What did we learn from our experiences?
This may be putting it too boldly, but we learned that it is possible to influence thinking. It’s a lot of hard work, often over months if not years. It is done with facts in an environment of candid communication and trust. A funny thing happened along the way. The more the IBM team became successful at influencing opinions, the more the team learned to learn from those same analysts. That’s the thing about the influence of facts, trust and communications on relationships. They are bi-directional.”

“The more the team learned to learn” from those same analysts. Hear that, folks? That is why broadcast makes no sense. Broadcast and command and control models for AR ignore all those opportunities to learn from a community of pretty smart people. The Big 2 have no monopoly on insight, IQ or experience.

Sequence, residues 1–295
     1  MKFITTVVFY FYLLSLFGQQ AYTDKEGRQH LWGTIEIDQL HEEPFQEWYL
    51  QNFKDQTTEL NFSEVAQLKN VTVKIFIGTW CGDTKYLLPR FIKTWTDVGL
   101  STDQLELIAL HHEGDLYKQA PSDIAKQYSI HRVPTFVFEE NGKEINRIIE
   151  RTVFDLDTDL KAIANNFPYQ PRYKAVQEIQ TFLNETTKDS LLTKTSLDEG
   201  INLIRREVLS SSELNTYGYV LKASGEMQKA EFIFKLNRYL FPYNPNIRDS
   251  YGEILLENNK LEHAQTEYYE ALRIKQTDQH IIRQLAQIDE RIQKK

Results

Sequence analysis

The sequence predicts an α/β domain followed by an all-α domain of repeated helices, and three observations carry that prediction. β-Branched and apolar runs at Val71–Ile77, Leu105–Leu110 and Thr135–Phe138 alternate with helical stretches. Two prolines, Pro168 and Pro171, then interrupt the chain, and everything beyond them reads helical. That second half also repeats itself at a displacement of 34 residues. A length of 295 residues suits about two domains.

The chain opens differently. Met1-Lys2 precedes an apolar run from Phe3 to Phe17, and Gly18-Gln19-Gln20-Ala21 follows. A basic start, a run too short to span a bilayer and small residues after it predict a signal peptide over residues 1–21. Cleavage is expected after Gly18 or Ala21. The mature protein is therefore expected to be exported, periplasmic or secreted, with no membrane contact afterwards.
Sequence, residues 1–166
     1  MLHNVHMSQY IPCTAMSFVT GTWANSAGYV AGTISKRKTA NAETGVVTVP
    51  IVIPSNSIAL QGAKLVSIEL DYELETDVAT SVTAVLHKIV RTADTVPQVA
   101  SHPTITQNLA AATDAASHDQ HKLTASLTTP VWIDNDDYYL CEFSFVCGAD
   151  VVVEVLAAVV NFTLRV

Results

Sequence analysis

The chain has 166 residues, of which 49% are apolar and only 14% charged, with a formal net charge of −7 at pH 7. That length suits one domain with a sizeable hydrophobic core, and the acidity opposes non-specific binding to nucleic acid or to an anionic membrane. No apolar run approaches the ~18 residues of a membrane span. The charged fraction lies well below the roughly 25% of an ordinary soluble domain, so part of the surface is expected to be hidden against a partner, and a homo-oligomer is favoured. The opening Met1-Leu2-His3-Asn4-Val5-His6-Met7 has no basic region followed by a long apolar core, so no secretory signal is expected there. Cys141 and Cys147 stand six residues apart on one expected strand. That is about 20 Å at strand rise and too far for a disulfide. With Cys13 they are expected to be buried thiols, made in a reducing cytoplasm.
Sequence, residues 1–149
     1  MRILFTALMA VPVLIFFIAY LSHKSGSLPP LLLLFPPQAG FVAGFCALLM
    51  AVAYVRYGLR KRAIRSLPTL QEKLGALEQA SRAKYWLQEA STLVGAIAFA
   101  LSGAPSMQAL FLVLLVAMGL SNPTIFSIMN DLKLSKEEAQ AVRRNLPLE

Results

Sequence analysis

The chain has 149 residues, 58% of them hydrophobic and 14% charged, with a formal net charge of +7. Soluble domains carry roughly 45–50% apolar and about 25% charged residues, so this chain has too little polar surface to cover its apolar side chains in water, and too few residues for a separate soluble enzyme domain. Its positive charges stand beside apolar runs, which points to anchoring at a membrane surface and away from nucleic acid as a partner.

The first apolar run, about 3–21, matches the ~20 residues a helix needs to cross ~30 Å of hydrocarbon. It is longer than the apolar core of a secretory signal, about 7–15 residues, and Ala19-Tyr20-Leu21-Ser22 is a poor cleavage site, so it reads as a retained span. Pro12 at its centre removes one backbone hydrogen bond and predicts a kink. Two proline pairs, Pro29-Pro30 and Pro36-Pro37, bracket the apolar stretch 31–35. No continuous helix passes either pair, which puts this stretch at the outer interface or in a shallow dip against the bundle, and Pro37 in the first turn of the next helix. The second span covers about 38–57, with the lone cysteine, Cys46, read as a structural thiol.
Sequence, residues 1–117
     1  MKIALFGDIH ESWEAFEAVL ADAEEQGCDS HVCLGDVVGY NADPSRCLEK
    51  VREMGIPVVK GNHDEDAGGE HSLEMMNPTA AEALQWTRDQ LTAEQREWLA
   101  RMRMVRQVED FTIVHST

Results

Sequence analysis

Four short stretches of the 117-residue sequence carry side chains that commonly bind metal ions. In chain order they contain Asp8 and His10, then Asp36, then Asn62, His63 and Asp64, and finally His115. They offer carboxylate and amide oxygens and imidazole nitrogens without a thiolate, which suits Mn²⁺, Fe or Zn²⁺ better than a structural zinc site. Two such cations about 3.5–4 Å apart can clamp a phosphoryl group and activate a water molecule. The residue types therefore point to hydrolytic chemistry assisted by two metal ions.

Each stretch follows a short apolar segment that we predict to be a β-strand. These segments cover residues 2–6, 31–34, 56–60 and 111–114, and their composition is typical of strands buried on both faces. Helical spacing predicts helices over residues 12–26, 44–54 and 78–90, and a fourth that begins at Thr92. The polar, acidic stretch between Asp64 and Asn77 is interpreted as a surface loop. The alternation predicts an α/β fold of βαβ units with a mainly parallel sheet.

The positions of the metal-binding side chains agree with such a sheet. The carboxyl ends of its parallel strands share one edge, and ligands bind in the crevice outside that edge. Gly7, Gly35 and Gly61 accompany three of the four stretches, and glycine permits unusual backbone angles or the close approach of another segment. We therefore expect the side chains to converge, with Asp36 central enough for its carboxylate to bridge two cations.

Well that’s enough advice for ARs. So what about advice for budding entrepreneurs?

What is my story with Dave? The simple truth is there might not be a RedMonk if it weren’t for Dave’s willingness to support us early on.

I had great relationships already with many of his internal clients. I have an enviable roster of IBM General Managers and VPs in my contact database, who will return my pings. But RedMonk was just two guys at first (now we’re 50% bigger!)- what if it all went horribly wrong? Dave was willing to take us seriously, while some at IBM were saying they won’t last, they won’t be analysts, they might just be occasional consultants. We can’t risk a subscription with James…